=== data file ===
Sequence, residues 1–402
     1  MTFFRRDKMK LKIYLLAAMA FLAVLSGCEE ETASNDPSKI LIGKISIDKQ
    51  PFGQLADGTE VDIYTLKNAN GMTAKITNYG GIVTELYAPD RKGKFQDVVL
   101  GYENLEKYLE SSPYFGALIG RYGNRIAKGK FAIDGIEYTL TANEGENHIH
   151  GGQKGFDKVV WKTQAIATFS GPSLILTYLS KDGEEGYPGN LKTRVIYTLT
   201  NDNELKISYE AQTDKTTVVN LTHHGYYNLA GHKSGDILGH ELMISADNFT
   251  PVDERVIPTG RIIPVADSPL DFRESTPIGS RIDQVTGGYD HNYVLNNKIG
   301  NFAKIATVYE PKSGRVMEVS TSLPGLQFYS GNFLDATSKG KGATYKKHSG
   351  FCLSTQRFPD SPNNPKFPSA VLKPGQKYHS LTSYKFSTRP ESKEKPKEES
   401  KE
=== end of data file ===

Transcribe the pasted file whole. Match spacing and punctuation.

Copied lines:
Sequence, residues 1–402
     1  MTFFRRDKMK LKIYLLAAMA FLAVLSGCEE ETASNDPSKI LIGKISIDKQ
    51  PFGQLADGTE VDIYTLKNAN GMTAKITNYG GIVTELYAPD RKGKFQDVVL
   101  GYENLEKYLE SSPYFGALIG RYGNRIAKGK FAIDGIEYTL TANEGENHIH
   151  GGQKGFDKVV WKTQAIATFS GPSLILTYLS KDGEEGYPGN LKTRVIYTLT
   201  NDNELKISYE AQTDKTTVVN LTHHGYYNLA GHKSGDILGH ELMISADNFT
   251  PVDERVIPTG RIIPVADSPL DFRESTPIGS RIDQVTGGYD HNYVLNNKIG
   301  NFAKIATVYE PKSGRVMEVS TSLPGLQFYS GNFLDATSKG KGATYKKHSG
   351  FCLSTQRFPD SPNNPKFPSA VLKPGQKYHS LTSYKFSTRP ESKEKPKEES
   401  KE